- In January 2008, shortly after the launch of the Kindle, Apple’s Steve Jobs commented that the Kindle was “a failed concept from the top” because “nobody reads any more.”
- In January of 2010, at the event announcing the launch of the iPad, Jobs said that “Amazon has done a good job with Kindle” but that Apple was “going to stand on their shoulders” and the the successful ebook concept even further with iBooks. Several ebook platforms including Kindle, Nook, and Kobo created free Kindle Apps, all with better selection and better features than the iBooks platform, and it quickly became obvious both that Kindle would be the leading iOs ereading platform and also that Apple was either ill-prepared or unmotivated, or both, to make much of the iBooks platform.
- Early this year, Apple said it was going to change the rules for other reading apps on its iOs devices so that users would no longer be able to click on an in-app link to be taken directly, for instance, to the Kindle Store. (Well, that’s not exactly what Apple said. What Apple actually said was that it would grab 30 percent of gross proceeds from all sales generated by in-app ebook sales on platforms such as the Kindle, Nook, and Kobo. 30 percent, of course, constitutes 100 percent of Amazon’s standard share of Kindle ebook sales.)
- first, that Apple actually followed through and brought this to a head; and
- second, that anyone thought it would really be an effective use of Apple’s power.
Dear Amazon.com Customer,
We’d like to update you on a change to the Kindle application that affects the way that you access the Kindle Store. In order to comply with recent policy changes by Apple, we’ve removed the “Kindle Store” link from within the app that opened Safari and took you to the Kindle Store.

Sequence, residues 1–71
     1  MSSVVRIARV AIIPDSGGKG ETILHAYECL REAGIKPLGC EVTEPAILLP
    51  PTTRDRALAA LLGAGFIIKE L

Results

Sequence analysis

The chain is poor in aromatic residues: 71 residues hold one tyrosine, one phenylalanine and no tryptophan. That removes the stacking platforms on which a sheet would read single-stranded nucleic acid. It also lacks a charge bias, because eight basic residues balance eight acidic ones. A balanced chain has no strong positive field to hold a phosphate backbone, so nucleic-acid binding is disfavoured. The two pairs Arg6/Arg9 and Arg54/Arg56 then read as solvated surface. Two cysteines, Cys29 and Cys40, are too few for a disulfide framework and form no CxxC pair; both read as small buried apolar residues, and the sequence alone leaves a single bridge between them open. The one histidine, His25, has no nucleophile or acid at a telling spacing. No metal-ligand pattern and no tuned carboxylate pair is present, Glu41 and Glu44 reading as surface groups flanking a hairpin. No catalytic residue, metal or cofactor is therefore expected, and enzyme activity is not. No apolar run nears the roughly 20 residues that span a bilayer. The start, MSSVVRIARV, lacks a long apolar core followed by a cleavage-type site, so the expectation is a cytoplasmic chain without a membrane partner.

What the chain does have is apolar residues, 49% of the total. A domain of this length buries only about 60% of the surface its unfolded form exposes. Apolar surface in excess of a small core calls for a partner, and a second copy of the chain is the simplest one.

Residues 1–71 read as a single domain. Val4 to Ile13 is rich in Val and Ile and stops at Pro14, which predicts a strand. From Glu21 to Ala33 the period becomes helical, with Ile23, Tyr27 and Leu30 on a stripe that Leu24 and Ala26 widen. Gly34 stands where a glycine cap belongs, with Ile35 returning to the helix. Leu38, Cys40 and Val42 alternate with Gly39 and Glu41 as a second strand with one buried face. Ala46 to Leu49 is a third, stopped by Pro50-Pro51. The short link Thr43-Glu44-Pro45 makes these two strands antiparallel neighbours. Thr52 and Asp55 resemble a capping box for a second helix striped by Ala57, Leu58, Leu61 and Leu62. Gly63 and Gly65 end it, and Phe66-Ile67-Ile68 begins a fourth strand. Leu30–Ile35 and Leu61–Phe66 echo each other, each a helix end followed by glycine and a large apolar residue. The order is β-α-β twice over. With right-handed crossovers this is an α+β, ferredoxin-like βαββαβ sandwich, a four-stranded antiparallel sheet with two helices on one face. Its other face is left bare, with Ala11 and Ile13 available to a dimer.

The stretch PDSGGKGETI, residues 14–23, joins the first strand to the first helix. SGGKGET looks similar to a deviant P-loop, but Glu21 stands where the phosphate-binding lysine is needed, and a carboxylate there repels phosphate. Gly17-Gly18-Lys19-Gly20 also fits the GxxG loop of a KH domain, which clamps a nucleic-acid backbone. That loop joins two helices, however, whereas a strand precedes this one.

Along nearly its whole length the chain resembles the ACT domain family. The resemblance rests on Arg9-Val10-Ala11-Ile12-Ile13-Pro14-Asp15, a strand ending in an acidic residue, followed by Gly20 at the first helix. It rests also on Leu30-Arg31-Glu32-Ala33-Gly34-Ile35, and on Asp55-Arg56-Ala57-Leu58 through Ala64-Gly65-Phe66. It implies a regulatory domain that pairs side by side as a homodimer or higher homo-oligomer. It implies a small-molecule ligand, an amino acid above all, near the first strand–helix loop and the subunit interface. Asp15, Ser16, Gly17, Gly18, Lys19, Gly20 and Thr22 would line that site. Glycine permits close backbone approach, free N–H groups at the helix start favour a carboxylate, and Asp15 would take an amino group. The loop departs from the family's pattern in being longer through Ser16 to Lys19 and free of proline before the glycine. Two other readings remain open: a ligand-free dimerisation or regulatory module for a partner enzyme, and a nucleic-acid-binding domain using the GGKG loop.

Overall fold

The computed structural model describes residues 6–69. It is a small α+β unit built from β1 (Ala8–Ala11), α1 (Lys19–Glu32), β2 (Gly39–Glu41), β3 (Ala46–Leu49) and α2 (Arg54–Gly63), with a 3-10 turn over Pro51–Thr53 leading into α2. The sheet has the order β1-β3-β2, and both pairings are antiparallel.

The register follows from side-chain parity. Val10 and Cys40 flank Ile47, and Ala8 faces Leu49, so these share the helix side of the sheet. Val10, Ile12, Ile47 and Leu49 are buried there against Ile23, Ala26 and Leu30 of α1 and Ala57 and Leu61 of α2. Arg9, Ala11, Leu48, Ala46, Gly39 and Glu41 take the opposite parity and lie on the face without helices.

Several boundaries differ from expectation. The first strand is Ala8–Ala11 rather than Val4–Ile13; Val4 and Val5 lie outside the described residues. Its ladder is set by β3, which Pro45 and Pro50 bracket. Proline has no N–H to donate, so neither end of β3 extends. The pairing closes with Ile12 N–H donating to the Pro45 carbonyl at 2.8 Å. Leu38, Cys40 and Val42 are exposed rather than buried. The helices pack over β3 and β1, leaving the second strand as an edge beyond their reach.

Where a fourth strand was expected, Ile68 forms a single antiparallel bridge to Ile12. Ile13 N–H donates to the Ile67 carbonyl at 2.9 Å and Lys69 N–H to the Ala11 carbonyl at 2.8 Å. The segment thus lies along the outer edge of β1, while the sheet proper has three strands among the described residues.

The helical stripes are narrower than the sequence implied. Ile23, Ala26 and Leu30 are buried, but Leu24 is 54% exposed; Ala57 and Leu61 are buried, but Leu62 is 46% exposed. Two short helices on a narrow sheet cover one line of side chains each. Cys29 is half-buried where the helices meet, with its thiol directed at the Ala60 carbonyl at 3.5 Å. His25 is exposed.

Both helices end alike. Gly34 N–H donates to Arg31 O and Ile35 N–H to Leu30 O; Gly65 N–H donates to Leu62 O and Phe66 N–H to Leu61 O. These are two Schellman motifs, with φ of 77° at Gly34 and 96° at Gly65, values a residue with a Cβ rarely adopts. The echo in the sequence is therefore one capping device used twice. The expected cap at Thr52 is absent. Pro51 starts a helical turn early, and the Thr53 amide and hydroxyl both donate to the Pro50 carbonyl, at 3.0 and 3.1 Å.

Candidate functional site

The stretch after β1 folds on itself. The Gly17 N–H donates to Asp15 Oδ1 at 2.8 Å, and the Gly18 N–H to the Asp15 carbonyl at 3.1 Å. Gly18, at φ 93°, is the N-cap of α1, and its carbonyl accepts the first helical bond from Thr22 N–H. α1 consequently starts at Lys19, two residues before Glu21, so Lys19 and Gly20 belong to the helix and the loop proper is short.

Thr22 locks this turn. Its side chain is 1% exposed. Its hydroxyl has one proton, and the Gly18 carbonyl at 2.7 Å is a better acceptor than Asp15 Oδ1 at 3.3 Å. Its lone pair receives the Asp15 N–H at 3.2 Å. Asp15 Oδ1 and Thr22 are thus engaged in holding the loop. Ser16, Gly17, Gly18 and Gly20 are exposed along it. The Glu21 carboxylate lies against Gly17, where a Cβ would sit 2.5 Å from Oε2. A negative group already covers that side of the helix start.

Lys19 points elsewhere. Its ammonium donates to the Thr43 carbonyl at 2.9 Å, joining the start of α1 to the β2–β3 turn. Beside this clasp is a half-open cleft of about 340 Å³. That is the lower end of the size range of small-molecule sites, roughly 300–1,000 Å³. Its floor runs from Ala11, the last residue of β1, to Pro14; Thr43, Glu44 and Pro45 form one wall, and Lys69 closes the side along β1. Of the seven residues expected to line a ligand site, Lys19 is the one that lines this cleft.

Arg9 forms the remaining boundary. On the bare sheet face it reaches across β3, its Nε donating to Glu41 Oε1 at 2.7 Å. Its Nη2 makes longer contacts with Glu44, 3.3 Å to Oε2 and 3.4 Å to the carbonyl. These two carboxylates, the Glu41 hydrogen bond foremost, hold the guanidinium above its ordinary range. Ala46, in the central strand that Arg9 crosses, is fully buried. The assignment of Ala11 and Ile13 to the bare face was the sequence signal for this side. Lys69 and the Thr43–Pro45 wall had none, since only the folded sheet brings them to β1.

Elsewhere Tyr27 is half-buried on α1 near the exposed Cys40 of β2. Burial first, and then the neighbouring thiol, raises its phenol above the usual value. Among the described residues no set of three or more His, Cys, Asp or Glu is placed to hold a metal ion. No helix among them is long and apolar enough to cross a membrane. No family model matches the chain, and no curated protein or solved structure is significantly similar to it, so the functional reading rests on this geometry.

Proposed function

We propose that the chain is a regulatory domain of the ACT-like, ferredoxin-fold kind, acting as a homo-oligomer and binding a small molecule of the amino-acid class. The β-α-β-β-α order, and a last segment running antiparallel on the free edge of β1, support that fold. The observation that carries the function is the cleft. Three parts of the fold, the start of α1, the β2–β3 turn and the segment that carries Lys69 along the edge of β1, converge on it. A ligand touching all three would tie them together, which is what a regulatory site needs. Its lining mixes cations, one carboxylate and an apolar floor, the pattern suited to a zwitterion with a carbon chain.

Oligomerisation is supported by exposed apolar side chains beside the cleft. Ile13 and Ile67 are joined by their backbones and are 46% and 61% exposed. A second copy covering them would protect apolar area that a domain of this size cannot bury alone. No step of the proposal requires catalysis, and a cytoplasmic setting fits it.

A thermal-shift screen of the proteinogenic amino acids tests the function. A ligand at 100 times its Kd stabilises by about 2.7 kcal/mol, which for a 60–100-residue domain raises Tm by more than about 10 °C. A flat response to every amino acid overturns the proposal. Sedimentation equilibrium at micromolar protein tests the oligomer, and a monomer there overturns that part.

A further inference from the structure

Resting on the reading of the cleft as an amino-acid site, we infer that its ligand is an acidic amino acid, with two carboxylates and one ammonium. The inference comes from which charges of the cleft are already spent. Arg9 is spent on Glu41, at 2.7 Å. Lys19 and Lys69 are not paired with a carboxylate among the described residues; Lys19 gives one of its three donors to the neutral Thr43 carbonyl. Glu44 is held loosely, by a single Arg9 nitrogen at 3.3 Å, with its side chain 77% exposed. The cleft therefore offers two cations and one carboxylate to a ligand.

You can still shop on iPad, iPhone, or iPod touch–just open the Safari web browser and go to Amazon.com. (For quick access, we recommend creating a bookmark in your web browser.) Your Kindle books will be delivered to your Kindle application and automatically downloaded when you open the app. Thanks for being a Kindle customer.
- Just open your iPad’s Safari browser and click on or enter this link – http://amzn.to/Kindle-on-iOs
- When the Kindle Store page opens on your iPad browser, just click on the little icon just to the left of the browser’s URL entry field, and select “Add to Home Screen” from the pulldown menu that pops up, as in the screenshot at right.
- Then just find the new Kindle Store icon on your iPad’s Home display, tap it twice so you can move it, and use your fingertip to move it next to your Kindle App. (Note: While you’re at it, you may also want to move the iBooks icon to the same general area, for days when you want to buy expensive books at the prices Steve Jobs feels you should pay for them.)
But Wired Epicenter’s Tim Carmody concludes that “Apple’s new rules haven’t knee-capped Amazon in the slightest. Far from it. In fact, Apple’s given them a gift….”
Whatever the case, it is certainly hard to imagine that Apple could make any kind of plausible case that their power play was undertaken for the benefit of iPad or other iOs users. And the more of these silly missteps we see from Apple, the more likely it is that ultimately they will begin to drive even some of their own loyal fans off in the direction of some other tablet from some other company, perhaps a company that already has a stake in the ebook business.